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YSTALYFERA NOTES.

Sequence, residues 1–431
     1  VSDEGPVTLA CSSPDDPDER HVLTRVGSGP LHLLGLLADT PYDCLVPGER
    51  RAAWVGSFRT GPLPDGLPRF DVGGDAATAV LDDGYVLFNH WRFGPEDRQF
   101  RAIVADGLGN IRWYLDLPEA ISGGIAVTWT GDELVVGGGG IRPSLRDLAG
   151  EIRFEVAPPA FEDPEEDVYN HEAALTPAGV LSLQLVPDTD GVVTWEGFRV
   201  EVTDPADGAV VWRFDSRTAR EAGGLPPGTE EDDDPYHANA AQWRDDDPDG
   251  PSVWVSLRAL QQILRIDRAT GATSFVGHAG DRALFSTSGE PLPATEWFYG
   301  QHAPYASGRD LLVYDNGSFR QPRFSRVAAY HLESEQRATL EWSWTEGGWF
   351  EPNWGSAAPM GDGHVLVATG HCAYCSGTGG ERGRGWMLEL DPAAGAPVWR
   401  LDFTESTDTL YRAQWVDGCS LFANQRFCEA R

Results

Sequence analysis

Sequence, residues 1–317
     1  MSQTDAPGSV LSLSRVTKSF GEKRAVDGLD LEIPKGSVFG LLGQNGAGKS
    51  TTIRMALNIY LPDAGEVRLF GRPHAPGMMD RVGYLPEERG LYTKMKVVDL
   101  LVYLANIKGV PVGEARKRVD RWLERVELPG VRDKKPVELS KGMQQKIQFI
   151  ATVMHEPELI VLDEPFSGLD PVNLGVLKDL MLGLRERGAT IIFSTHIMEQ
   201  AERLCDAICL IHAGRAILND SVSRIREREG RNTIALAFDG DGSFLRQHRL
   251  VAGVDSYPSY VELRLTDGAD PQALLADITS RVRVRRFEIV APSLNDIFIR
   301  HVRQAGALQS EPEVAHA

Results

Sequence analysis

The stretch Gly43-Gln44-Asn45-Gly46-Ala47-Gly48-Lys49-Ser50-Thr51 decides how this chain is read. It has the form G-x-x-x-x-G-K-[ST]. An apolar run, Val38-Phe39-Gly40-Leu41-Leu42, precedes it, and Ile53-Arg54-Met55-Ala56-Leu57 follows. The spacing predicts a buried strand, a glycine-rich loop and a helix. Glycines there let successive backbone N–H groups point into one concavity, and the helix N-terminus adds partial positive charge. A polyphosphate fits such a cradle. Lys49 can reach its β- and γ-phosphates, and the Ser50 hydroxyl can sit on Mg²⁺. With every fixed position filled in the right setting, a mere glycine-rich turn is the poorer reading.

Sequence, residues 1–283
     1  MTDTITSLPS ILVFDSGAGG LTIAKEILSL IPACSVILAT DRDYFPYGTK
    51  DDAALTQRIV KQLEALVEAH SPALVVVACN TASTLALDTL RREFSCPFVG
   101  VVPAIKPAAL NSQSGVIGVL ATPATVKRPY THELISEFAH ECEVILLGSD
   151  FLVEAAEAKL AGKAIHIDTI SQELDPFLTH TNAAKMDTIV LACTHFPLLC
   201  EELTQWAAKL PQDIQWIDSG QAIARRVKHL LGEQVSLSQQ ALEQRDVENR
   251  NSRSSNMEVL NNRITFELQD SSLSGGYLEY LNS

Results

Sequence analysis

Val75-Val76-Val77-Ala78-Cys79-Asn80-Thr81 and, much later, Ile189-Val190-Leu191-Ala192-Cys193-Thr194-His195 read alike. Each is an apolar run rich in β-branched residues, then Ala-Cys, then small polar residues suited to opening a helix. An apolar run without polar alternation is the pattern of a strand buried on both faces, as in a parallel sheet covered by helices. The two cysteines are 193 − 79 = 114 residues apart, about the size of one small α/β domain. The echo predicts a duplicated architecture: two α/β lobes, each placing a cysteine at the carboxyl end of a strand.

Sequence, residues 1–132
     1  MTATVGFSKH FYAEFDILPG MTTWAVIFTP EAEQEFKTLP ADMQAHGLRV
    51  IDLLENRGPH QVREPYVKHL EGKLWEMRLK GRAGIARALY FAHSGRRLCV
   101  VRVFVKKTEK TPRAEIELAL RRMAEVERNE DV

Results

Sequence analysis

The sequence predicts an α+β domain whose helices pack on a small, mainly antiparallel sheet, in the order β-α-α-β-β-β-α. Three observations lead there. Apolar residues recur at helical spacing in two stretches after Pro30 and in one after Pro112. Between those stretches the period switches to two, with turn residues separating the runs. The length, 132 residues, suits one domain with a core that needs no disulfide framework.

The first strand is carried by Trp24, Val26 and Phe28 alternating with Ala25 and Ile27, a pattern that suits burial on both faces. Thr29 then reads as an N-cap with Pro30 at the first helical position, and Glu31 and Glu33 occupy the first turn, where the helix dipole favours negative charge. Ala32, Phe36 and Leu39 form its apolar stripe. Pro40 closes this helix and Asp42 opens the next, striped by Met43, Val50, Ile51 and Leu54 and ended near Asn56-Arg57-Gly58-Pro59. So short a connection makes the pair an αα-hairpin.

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YSTALYFERA NOTES. HOME RULE FOR IRELAND Under the auspices of the Gowor Liberal Association a meeting took place in the Wtsn Vestry on Thursday even- ing last, at which Dr. Esmonde, M.P. for North Tipperaiy, had been announced to speak on "Irish Home Rule. Un- fortunately the Doctor was unable to be present owing to illness, and his place was taken by Mr W. J. Fallon, B.A., of the Irish Party, Dublin, who gave a very fine ad drtss in which the justice of Ireland's demand was stated in un- answerable tjrms.—Mr W. D. Clee, A.R.C.O., presided ever a fair attend- ance.—The speaker expressed pleasure at his presence in Wales, and said Irish people always acknowledged with grati- tude the support extended to them by their friends in the Principality through- out long years of prosperity and ad- versity. (Applause). he proceeded to show ihjt hsh people wanted iriume Rule be cause they were a separate nation, they had t!ll ir own separate nationality,. -and v.axitec to govern themselves in their -own way. Good Government, he pointed out, was no substitute for self govern- ment. He pio,-e ded to explain how Home Rule wo Id benefit England, Sco land and Wales in that it would result in the development of Irish industries, and would thus relieve the Labour mar- ket in these countries. Under self government Ireland would have a -cheaper and more efficient administration. It was untiue to allege that the people were incapable of Governing themselves. If so it was somewhat strango that 12 Irish members would remain in the Im- perial P": lament to help to settle the affairs of the Empire. In concluding, Mr Fallen made a smashing exposure of the Ulster cry a-nd the allegation regard- ing Catholic intolerance, and appealed far con'-Lnued sympathy and support in the final struggle in Ireland's emanci- tion. The speaker was heartily thanked on tho motion of Mr J. Davies, seconded by Mr B. Willkuns (Cwmtwrch), who re- marked that what Ireland was now re- questing was the very thing that Wales would some time be asking for. Mr J. Walter Jones, B.A., supported. A re- solution of thanks to the chairman for his services was also carried. DEATH OF MR JOHN EVANS. t It is with deep rgeret that we record I the death of Mr John Evans, of Ailty- grug road. which occurred at the Swan- I sea Hospital on Saturday, after a long and painful illness. For several years the deceased suffered from stomachic trouble, and in consequence, over a year ago, was compelled to give up his em- ployment as a collier. He was 36 years of age*, and leaves a widow and seven I children to mor, IT their loss. He was an active member of the I. L.P.,—and he toile,7 hard in assisting to make known what were the aims of the movement. His sacrifices to his convictions were a help and an inspiration to all who came in contact with him, and the I.L.P. move- ment loses a staunch friend, and the msml ors will miss the presence of an optimistic and true comrade. To those he k :vc.3 behind we offer our heartfelt sympathy that husband and father should be removed by death at such an enrly age. Our comrade is dead, but long may he live in our memories. "Tii.t nothing walks with aimless feet, That not one He shall be destroy'd, Or cast as rubbish to th3 void When God hath made the pile com- plete. ENJOYABLE I.L.P. GATHERING | uncior die auspices ot the local branch of the I. L.P. a very pleasant social even- ing took place on Saturday a.t the Insti- tute. The President, (Mr T. King) occu- pied tho chair. At the corrm-neem-ent of the proceedings, Mr King made a feeling reference to the passing a.way of Mr John Evans, Alltygrug road, and paid a brief but heartfelt tribute to his long and active association with the work of the I.L.P. in the district. A vote of sym- pathy with the bereaved family was passed in silence. Routine business of the Branch was transacted, and refresh- ments wore served, after which Mr J. Davies gave a highly interesting address on "Socialism in Wales." The speaker referred at length to the position held by Socialism in the political life of Wales, and said there was a great harvest of Socialist converts to be reaped if the proper mw's to this end were adopted. He urged tint. Socialist workers should further educae t themselves to carry out this task. An interesting discussion fol- lowed. FINE LECTURE AT "Y DDRAIG GOCK." One of the finest, addresses of the ses- sion was "iven on Friday evening at the meeting r-f the Guild of the Red Dragon, when th Rev. Simon Jones, B.A., of Swansea, spoke on Francs Thompson, the great po?t and prose-poet. There was only a moderate attendance, over which IF, ,y G. Griffiths presided. The lecturer told with ereat charm and force the life storv of this remarkable man, his boy- hood and youth in the midst of cultured and refined surroundings; his failure as a medical student, his quarrel with his father, and his subsequent life in Lon- don. during which time he was reduced to penury and almost starvation, ekeing out a subsistence by means of boot black- ing, paper or match selling, holding horses, etc. Mr Jones also gave a vivid description of the manner in which Thompson's gen- ius was brought before Wilfrid and Alice Meynell, and tho assistence afforded him by these two writers. Mr Jones then proceeded to refer at length to Thomp- son's works, including his great poem "The Hound of Heaven," his child poem, and his magnificent essay on Shelley, and declared that the poet's message was the message of Christianity, In the things of the world Thompson was childish; in the things of the spirit he was child-like. Concluding, the speaker said that Thompson passed the last days of his life in the home of the Francisian. Monks and North Wales and died in 1907 at the age of 49, satisfied at the end that tf his works were not popular in the vul- gar sense, they were appreciated by those competent to recognise really great work. (Applause). Art illuminating discussion followed, in which Messrs. H. Wade Evans, Isaac Shepherd, J. Davies, H. Morgan, John Morgan, Albert Morgan, David Jenkins, and the chairman joined, and Mr Jones wa.s very heartily thanked for his ser- vices. I THE W.L.L. I- 1 1 ?. I ? I 1 I ine members ci me iocai orancn ot the Women's Labour League held their meeting on Thursday evening last in the I.L.P. Institute, when it w as decided that in future meetings should commence at 6.30 p.m. instead of 7 p.m., so that members might leave earlier. Mrs. Mar- tin, Mrs. J. Williams and Mrs. D. Wil- liams provided "surprise" packets during the evening, the contents of which were greatly enjoyed and realised ls.6d. The "Labour Woman," the monthly organ of the League, is now on sale, and may be obtained from Miss A. Martin, literature secretary, and Miss E. King, general secretary. Last evening (Thursday), Mr J. Davies gave an address on "The Women of the I.L.P. and a, very en- joyable evening was spent. All women interested in the movement are heartily invited to join the league. I HONOUR FOR YSTALYFERA I TEACHER. Mr D J Williams was appointed presi- I I dent of the West Glamorgan section of the N.U.T. at the annual general meet- ing held at Swansea on Saturday. I FUNERAL OF THE LATE MR. T. R. THOMAS The funeral of the late Mr Thomas Roger Thomas, w hose death was reported in our last is--ue took place at the City of London cemetery on Wednesday of last week. The Rev. J. H. French, pastc-r of the Woodgrange Baptist Church officia- ted, and there was a very large attend- ance of relations and friends. The chief mourners were Mr Walter Thomas and Miss Thomas (son and daughter) Mr Arthur Thomas and Mrs. Walter Thomas (son and daughter-in-lawl; Mr Elwyn Thomas and Miss Mary Tnomas (son and daughter); Master Tom Thomas (son); Mrs. Joan Davies (daughter-in-law) Mr. J. Thomas and Mrs. J. Pugh (brother and sister) Mr and Mrs. W. R. Thomas (brother and sister-in-law), Mr and Mrs. D. R. Thomas (brother and sister-in-law) Mr Roger Thomas (nephew), and Mrs. Frank Jones. A large number of wreaths were received amongst which were those from the following Brothers and sisters, Surveyors' Character Department, Custom House; Friends from Pantglas and Frond eg; Brother oihcers, colleagues 'and friends, Mr and Mrs. P. M. Jone&, Ystalyfera; Mr and Mrs. T. R. Williams, Hull (late of Ystalyfera); wife and children Wood grange Baptist Church Choir; officers at the Cutler Street Warehouse, and a large number from neighbours and friends. At the New Swan Hotel on Thursday evening next a smoking concert in con- nection with tho Chamber of Trade will be hejd. The Ystalyfera U. Cycling Club will hold a smoking concert at the Ystalyfera Hotel on Saturday evening, and aa only a limited number of tickets has been issued, those desirous of spending a jolly evening would do well to obtain one at once trom Mr T. P. Lewis, or any of the committee. I THE SEWERAGE SCHEME I House-owners will shortly be called upon by the District Council to connect their houses with the sewerage mains. It would perhaps be impossible to find a more awkward place adequately and pro- perly to sewer than Ystalyfera. In many places the connecting pipes will have to be laid under the lioors of the houses, an item of expenditure which will, in all probability, cause the present owners of soma houses to wonder which would be the best thing to do-give the houses away or raise the rents; but it is useless to adopt the latter cour.. as most people would refuse to buy insanitary houses, and pay full value for them once a month. Plans have already been put in before the Council dealing with the proposed sewerage and sewage disposal works as Ynismeudwy, and this work should be commenced upon at an early date. Then, the Ystradgynlais Sewerage Scheme is ex- pected to be conmienoed some time this year, although it would appear that the members of the Council have not yet de- cided whet-her the proposed scheme is ac- ceptable—to them—or not. When this work is completed the whole of the Valley will be sewered on up-to-date lines, as well as lighted, from Penyoae to Swan- sea. RUGBY I Ystalyfera played Swansea Seconds at I St. Helen's on Saturday, and the game ended in a draw-nothing scored. ASSOCIATION I At Briton Ferry on Saturday, the Ys- t,alyfera team was defeated by four goals I to one. AN EVENING WITH PHRENOLOGY I There was only a moderate attendance at the meeting of the P.S.E. held in the 1. L.P. Institute on Sunday evening, when Mr D. J. Jones, a member of the Society, gave a highly interesting address on "The Relation. of Man to the Lower Animals considered phrenologically." Mr J. W. Given presided. The speaker dwelt at considerable length on the phrenology of man and animals, showing the points of similarity and of difference, and advo- i cated the phrenologists' view of the de- velopment of man as opposed to that of the evolutionary theory. At the close, tho speaker was called upon to answer many critical question. PREMIER CINEMA. I Good houses continue to be the rule at the Premier Cinema., and every innovation appears to meet the desires of the pub- lic. The pictures shown this week have been exceptionally fine. "The Wartime Mother's Sacrifice" appealed: to the audiences in no half-hearted fashion, and the Wild Animal series were very much appreciated. This week-end the cele- brated series showing Nick Winter, the famous detective in new roles should prove a grea.t attraction. Patrons may expect some fine fare in the future, as arrangements are being made for the screening of some remarkable series. The morning matinees on Wednesdays have caught on, as also the Saturday evening continuous performance. HOCKEY: LOCAL TEAM'S LOST I RECORD. The Ystalyfera Hockey team enter- tained Llandilo on the Ynisydarren Ground on Saturday last, wiien a large "gate'' assembled to witness what proved to be a. very excellent match. The visitors had a thoroughly strong and representa- tive team in the field, but home side were minus of II'} less than three regular players,—W. E. Rees, H. Wade Evans, arbd Will Evans, and the result of the game was a vict<>ry for the visitors by seven goals to four, as a sequel to which the Y stalyf era team lose their three years record of not being beaten on the home ground. Despite the inequality of the teams, a very good game was witnessed, but there could be no doubt as to the superiority of the visitors, and their claim to victory, although the s-corer of one of the goals, given by the referee to Llan- dilo, had himself grave doubts as to its accuracy. The home scorers were Todd (2), Aubrey and D. H. Hopkin. POLICE PROMOTION I Congratulations are tendered to F.U. Jones, of Godre'rgraig, whose name figures among several members of the Glamorgan force who have recently been given promotion. P.C. Jones has been elevated to the post of Merit-Constable as a recognition of his able services during his work in the force. W. A. WILLIAMS, Phrenologist, can be consulted daily at the Victoria Arcade (near tho Market), Swansea. PLAYHOUSE AND COLISEUM I The Playhouse continues to attract large houses, and' this excellent house of amutement is obviously rapidly gaining in popularity. Among a fire selection of pictures shown in the early part of the week was "Bred in the Bone" a remark- ably arresting drama, whilst on Wednes- day and Thursday, the star picture was "The Snare of Fate," a story of com- pelling interest which was followed with rapt attention. For the week-end a specially good programme has been ob- tained, the films of outstanding interest being "The Mystery of the Great Dia- mond," and "Dad's Little Girl." It should be added that the Playhouse has recently been redecorated, and now pre- sents quite a handsome and cosy appear- ance. The Coliseum has had as chief attrac- tion this week a fine spectacular display, "The Clans of Bonnie Scotland" in which a host of local children are taking part. Already this unusual feature has attracted la.rge houses, and it is fully anticipated that there will be crowded houses to- night (Friday), and, at both performances, to-morrow (afternoon and evening. The production is exceedingly pretty and has elicited great praise from all those who have seem and heard it. In addition there is a fine pictures programme, the star for the week-end being 'Twixt Joy and Sorrow," a story of great human interest, abounding in incidents. Y DIWEDDAR JOHN EVANS, I YSTALYFERA. Gyda gofid dwys y oofnodwn farwol- aeth, yr hyn gymerodd le yn Ysbytty Abertawe fore Sadwrn, y brawd anwyl a'r cymrawd teyrngar, Mr. "Jack" Evans, Alltygrug, neu fel yr adnabydd- id ef yn well, "Jack Evans, y Gof," yr hon oedd alwedigaeth ei dad, y diwedd- ar William Evans, Alltygrug. Bu ein cyfaill yn gystuddiol am rai misoedd, gan ddioddef yn dawel a di- rwgnach. Daeth ei wroldeb cynhenid i'r amlwg pan y bu raid iddo fyned dan driniaeth law-feddygol yn Ysbytty Abertawe. Wedi hyny dychwelodd i'w gartref, ac i'r neb gymerai ddyddordeb yn y rnudiad Llafurawl, yr oedd yn yfbrydiaeth i dreulio ychydig amser wrth yinyl ei wely, canys yn, a ohyda'r mudiad a garai gymaiiut, yr oedd ei feddwl hyd y diwedd. Bu raid iddo ddychwelyd eilwaith i'r ysbytty. ac yno yr anadlodd ei anadl olaf, fel y dywedwyd, fore Sadwrn. Cymeriad tawel, di-drwst oedd eiddo ein brawd, ac oblegid hyny cymerai amser i'w ddeall a'i ddeongli yn briodol. Mae yna rai a ymunant a'r Blaid An- nibynol Lafur nid am fod ganddynt am- gyffrediad o ddelfrydau y blaid, ond am y sylweddolant fod yna rywbeth allan o le yn y gyfundrefn bresenol, a ohanddynt sylweddoliad mai gweithwyr ydynt, ac mai ar eu hysgwyddau hwy fel dosbarth mae y baith, beth bynag ydyw. Nid o'r cyfryw oedd "Jack" Evans. Yr oedd yn berchen gweledig- aeth eglur, ond oherwvdd na chlywid ei lais yn yr heolydd, cymerai beth amser i'w gydnabod sylweddoli hyny. Nis gellir dweyd ei fod wedi darllen ond ychydig, eto yr oedd yn ddibetrus, wedi meddwl llawer a'r broblemau byw- yd. Yn awr ac eilwaith ceid brawddeg o'i enai i bawb ganfod maint y welod- igaeth oedd yn eiddo iddo. Yr oedd yn hynod ffyddlon i'w egwyddorion, ac nid gormod dweyd yr ai trwy ddwr a than dros yr hyn oedd gyfiawn, yn enwedig os cyfiawnder i arall a geisiai. Yr oedd yn deyrngar iawn i'r Blaid Annibynol Lafur, ac ym- hyfrydai yn ei llwyddiant. Gellid bod bob amser yn sicr y gwnai Jack Evans yr hyn a addunedau, ac nid oedd yr un gwaith yn nglyn a'r ganghen leol yn rhy fach a dinrkl iddo ef ei wneyd. Bydd hiraeth dwfn ar ei ol yn mhlith ei gyd- aelodau, erys ei goffadwriaeth yn felus a pheraidd yn ein plith, a'i ffyddlondeb yn esiampl ac yn ysbrydiaeth. Nid oedd efe yn un o'r rhai hyny oedd yn gwaeddu "Arglwydd, Ar- glwydd" beunydd, ond am gario allan y gorchymynion mewn bywyd vmarferol nid oedd ei hafal. Yr ydym yn diolch am y "gohaith gwell' 'svdd iddo ef a ninau fel unigolion, ond yr y'm yn diolch mwy am y gobaith gwell welodd ef mor mor eglur i ddynolryw yn gyff- redin. Cysegrodd ei fywyd, yn ei ddull tawel a diymhongar, er sefydlu y deyrn- nas, egwyddorion yr hon ydynt syl- faenedig ar gyfiawnder cymdeithasol, yn y byd sydd yr awrhon. Yn debyg i'r emynydd, gallai ddweyd- Dros y bryniau tywyll, niwlog, Yn dawel, f'enaid f edrych draw ;— Addewidion sydd i esgor Ar ryw ddyddiau braf gerllaw. Nid iddo ef ei hun, ond i'r teulu dynol yn gyffredinol. Gedy weddw a sa.ith o rai bychain yn eu galar. Gwened Barnwr y gweddwon, a Thad yr amddifaid arnynt, yr Hwn hefyd ddiddano ei fam oedranus a'r teulu. Heddwch i'w lweh. The funeral took place on Thursday afternoon, in a downpour of rain, which did not cease from the time the cortege left the hOUf-e to the time of the inter- ment. Thero was a very large and re- presentative, gathering, amongst which was noticed a large number of the Gil- wen workmen, tradespeople and a strong contingent of members of the Ystalyfera I.L.P. The Rev. John Daviesi (Wern), conducted a very short service at the house, whilst at the graveside Mr Tom King, chairman of the I.L.P. gave a short but touching address. The chief mournert were the widow and seven little children, Mr and Mrs. Alexander Evans (sister and brother-in- law) Mr and Mrs. Wm. Evans, brother- in-law and sister); Mr and Mrs. William Evans (brother andi sister-in-law), and a largd number of near relatives. I f T